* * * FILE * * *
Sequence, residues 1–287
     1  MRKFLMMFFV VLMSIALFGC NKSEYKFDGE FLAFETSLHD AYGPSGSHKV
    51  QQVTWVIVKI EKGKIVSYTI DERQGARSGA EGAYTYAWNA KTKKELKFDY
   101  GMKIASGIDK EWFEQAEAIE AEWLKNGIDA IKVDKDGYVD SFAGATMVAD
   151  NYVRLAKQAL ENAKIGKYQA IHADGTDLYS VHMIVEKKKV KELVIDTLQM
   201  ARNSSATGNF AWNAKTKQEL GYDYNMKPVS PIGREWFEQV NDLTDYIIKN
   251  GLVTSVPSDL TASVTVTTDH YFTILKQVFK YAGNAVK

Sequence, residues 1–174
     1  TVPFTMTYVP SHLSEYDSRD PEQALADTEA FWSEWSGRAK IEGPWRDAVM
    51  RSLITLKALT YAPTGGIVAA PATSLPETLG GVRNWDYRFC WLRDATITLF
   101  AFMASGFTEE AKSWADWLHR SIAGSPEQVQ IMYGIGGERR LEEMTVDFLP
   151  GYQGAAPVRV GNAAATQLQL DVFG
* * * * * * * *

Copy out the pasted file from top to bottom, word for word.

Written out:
Sequence, residues 1–287
     1  MRKFLMMFFV VLMSIALFGC NKSEYKFDGE FLAFETSLHD AYGPSGSHKV
    51  QQVTWVIVKI EKGKIVSYTI DERQGARSGA EGAYTYAWNA KTKKELKFDY
   101  GMKIASGIDK EWFEQAEAIE AEWLKNGIDA IKVDKDGYVD SFAGATMVAD
   151  NYVRLAKQAL ENAKIGKYQA IHADGTDLYS VHMIVEKKKV KELVIDTLQM
   201  ARNSSATGNF AWNAKTKQEL GYDYNMKPVS PIGREWFEQV NDLTDYIIKN
   251  GLVTSVPSDL TASVTVTTDH YFTILKQVFK YAGNAVK

Sequence, residues 1–174
     1  TVPFTMTYVP SHLSEYDSRD PEQALADTEA FWSEWSGRAK IEGPWRDAVM
    51  RSLITLKALT YAPTGGIVAA PATSLPETLG GVRNWDYRFC WLRDATITLF
   101  AFMASGFTEE AKSWADWLHR SIAGSPEQVQ IMYGIGGERR LEEMTVDFLP
   151  GYQGAAPVRV GNAAATQLQL DVFG